In order to see any kind of progress in your health and fitness journey, you must show up for a 30-minute, high-intensity workout, twice a week and eat a clean, high protein, low carb diet! There are no short cuts, just say’n…
Let’s get real. Sure, you can cut your calories in half, or spend your mornings or evenings doing cardio to lose some pounds, but I can promise you your results will not last nor will they give you a healthy, functioning body.
When it comes to weight lifting for weight loss, it is important to keep a few key points in mind.
- First, you will not get BIG from lifting weights. You get “big” from overconsumption of energy (calories), which can be converted into fat or muscle based on the types of foods you eat and the exercise you do.
- Second, you can lift more than you think—and you should (with the help of a personal trainer).
- And finally, if weight training is done properly you may be sore the day or two after your workouts (especially if you are new to resistance exercise). This is called delayed onset muscle soreness, or DOMS, and it is a normal response to weight training. Be sure to stretch, drink plenty of water and incorporate sound nutrition to help your body recover quickly between workouts.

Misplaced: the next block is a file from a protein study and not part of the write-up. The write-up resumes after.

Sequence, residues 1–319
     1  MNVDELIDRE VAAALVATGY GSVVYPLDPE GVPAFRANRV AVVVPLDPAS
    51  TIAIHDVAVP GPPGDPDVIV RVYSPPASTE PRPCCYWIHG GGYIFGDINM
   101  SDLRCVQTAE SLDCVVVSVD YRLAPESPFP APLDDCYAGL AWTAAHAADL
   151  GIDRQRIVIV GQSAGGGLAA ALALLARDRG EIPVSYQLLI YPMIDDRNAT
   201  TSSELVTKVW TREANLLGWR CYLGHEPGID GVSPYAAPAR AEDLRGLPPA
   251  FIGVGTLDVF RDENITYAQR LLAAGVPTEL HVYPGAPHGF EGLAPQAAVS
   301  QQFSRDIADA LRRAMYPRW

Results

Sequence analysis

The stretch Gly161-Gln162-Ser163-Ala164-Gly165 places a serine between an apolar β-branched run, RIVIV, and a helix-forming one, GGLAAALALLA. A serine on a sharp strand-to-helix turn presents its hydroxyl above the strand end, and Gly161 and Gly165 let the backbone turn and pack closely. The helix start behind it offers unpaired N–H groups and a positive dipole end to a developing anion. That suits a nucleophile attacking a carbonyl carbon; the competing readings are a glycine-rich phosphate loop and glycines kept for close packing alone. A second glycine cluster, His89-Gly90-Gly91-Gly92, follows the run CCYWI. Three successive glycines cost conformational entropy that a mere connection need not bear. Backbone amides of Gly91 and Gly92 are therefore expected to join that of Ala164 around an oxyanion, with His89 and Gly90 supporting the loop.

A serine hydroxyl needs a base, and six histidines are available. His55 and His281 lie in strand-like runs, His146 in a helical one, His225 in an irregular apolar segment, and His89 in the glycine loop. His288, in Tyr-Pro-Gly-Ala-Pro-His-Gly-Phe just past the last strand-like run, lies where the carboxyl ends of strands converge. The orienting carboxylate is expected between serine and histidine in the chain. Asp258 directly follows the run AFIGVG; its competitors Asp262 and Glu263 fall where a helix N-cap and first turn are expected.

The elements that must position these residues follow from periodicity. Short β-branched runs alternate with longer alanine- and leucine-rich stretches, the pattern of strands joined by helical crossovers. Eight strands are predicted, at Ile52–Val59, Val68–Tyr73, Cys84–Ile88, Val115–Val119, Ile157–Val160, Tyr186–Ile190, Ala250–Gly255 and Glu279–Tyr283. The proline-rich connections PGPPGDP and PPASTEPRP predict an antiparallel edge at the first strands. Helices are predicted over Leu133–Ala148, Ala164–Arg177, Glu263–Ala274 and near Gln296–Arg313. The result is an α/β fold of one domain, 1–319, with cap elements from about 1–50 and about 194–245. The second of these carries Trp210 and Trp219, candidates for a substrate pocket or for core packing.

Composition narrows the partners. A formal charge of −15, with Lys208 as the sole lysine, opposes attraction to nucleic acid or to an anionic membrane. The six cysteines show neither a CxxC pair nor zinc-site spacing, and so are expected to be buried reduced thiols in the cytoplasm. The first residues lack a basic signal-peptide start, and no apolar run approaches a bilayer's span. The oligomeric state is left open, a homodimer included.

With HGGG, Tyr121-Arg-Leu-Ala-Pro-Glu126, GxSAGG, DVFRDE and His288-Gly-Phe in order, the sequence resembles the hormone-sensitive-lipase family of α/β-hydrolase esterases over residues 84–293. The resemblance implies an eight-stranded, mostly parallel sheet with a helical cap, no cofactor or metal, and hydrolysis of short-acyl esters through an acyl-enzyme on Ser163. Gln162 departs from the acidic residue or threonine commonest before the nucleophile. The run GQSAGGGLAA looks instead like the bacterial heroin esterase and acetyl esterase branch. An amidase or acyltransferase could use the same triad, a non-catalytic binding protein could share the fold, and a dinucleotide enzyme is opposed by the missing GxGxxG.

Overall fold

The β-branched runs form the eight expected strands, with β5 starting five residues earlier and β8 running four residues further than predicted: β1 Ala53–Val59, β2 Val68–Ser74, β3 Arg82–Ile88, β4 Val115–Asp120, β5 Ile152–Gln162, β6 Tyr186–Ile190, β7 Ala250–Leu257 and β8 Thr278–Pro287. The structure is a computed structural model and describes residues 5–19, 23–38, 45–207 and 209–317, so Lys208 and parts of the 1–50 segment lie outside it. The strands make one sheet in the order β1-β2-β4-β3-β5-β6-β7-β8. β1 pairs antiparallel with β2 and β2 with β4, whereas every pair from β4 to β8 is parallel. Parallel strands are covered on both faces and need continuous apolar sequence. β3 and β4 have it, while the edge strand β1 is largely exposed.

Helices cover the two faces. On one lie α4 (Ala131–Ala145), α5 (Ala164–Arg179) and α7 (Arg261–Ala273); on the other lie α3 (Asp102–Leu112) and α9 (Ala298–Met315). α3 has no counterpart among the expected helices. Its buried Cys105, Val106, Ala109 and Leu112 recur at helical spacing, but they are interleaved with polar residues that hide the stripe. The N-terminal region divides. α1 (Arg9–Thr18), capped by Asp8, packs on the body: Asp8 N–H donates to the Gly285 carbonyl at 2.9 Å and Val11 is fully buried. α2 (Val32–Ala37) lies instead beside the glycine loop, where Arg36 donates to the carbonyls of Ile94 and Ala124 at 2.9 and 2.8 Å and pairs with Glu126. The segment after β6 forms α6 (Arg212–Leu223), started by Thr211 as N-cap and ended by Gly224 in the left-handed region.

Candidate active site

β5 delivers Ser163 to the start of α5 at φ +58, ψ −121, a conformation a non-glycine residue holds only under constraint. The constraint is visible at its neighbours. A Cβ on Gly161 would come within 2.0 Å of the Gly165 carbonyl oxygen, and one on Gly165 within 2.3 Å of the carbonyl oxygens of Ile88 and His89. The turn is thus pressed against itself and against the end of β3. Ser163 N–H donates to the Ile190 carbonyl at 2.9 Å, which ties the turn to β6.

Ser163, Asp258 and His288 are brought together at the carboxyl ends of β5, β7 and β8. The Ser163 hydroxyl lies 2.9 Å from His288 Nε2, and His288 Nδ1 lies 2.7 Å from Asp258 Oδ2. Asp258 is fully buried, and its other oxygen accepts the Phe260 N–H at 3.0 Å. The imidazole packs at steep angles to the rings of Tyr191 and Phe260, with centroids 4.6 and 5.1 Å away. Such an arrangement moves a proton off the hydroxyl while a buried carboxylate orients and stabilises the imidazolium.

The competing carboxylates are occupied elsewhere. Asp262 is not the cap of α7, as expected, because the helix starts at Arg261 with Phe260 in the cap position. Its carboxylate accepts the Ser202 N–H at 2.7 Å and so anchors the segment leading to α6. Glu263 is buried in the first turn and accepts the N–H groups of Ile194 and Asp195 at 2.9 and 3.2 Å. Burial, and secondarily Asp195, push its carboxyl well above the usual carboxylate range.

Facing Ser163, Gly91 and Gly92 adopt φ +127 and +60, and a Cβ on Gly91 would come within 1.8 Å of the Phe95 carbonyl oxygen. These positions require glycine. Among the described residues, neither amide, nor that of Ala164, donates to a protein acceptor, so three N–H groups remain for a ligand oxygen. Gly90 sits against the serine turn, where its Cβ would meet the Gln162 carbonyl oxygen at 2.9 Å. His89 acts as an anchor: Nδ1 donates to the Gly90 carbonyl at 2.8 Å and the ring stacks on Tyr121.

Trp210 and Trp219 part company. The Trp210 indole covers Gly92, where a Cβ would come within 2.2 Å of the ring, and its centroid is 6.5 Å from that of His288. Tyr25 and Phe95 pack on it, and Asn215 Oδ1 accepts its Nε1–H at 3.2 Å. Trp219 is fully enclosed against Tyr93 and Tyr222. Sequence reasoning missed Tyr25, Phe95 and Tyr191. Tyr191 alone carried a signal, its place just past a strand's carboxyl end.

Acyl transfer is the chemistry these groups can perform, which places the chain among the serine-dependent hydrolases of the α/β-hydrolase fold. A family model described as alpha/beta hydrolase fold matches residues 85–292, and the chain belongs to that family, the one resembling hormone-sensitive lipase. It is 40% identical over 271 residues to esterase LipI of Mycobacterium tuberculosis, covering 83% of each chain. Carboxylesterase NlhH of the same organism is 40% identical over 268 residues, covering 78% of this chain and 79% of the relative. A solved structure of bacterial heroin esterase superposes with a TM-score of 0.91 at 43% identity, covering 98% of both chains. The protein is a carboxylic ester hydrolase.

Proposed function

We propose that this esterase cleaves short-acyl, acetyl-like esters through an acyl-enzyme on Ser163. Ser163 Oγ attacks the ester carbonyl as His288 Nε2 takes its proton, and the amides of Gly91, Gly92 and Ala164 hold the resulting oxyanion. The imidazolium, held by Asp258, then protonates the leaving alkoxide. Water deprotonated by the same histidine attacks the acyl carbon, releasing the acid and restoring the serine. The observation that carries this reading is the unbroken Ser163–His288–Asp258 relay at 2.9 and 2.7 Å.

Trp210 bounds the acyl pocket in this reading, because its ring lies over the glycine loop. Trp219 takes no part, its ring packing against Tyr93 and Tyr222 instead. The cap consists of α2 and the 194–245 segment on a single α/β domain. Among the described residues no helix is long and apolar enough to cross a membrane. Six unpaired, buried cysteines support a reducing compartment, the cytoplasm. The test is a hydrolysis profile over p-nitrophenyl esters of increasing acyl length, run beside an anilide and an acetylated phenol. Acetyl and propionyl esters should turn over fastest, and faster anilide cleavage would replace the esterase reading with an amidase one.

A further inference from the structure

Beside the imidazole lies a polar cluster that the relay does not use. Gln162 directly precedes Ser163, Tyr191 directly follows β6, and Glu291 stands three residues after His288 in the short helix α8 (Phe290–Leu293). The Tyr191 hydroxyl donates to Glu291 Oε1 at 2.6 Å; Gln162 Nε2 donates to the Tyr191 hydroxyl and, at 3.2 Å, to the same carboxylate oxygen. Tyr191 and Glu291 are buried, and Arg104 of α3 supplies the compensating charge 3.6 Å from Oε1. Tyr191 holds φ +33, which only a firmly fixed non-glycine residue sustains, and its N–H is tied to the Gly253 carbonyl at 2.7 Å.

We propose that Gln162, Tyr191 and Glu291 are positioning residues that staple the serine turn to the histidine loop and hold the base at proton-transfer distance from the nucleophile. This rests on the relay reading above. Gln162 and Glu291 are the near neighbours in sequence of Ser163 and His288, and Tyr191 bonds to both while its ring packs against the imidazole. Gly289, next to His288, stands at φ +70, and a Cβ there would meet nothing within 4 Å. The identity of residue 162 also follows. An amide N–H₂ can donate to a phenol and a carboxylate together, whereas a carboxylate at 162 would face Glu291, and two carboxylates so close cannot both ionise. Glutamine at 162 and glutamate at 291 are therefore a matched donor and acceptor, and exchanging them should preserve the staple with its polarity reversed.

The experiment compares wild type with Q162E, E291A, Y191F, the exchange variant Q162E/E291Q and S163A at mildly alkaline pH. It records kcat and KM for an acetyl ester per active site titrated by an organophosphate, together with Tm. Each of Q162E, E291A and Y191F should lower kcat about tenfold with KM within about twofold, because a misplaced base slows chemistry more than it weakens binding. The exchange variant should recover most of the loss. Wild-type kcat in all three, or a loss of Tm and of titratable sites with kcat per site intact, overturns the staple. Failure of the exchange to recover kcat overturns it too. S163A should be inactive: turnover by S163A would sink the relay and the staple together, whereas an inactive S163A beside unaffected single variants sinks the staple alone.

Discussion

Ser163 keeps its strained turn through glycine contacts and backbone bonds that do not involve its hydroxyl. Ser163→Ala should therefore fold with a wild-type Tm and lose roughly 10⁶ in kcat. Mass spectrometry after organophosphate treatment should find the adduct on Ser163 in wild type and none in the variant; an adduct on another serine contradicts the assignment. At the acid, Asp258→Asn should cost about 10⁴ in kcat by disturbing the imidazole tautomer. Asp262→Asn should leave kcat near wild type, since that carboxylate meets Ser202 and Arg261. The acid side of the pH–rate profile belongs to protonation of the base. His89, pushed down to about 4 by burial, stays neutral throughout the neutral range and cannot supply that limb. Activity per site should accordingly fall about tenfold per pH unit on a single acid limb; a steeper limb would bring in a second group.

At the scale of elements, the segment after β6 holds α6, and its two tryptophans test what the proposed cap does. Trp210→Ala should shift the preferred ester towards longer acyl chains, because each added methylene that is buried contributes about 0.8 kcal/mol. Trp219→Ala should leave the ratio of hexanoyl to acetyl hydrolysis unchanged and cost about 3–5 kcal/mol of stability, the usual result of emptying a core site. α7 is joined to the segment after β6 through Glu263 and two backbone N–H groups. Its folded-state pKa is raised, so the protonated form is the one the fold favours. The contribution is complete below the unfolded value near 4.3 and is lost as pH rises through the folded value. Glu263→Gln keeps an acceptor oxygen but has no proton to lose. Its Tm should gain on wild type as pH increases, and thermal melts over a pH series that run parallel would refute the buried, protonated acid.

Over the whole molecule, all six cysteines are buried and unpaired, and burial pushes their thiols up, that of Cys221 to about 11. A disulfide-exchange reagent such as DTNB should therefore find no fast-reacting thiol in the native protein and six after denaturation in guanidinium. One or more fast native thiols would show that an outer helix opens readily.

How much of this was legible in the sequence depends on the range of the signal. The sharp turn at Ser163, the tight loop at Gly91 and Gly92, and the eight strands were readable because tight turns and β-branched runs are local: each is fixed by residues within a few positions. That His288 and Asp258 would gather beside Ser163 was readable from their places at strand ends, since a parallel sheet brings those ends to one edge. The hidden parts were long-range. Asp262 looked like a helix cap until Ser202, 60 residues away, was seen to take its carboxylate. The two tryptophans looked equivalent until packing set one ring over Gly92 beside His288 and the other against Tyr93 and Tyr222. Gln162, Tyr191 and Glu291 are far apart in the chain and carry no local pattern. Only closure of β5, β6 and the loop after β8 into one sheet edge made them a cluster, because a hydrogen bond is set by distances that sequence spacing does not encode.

Watching the scale too closely is another issue for clients. I’ll hear, “So the scale is up and I’m doing everything right, my clothes are even fitting better! I don’t get it?!” Then we measure and sure enough, their inches are down. Muscle is denser than fat and it also takes up less room. That’s why you can look leaner yet actually weigh more than someone without muscle definition.
Again, if your goal is to be strong, healthy and have a fully functioning body, proper diet and lifting heavy weights with the guidance of a certified personal trainer will get you there!
in part from ACEfitness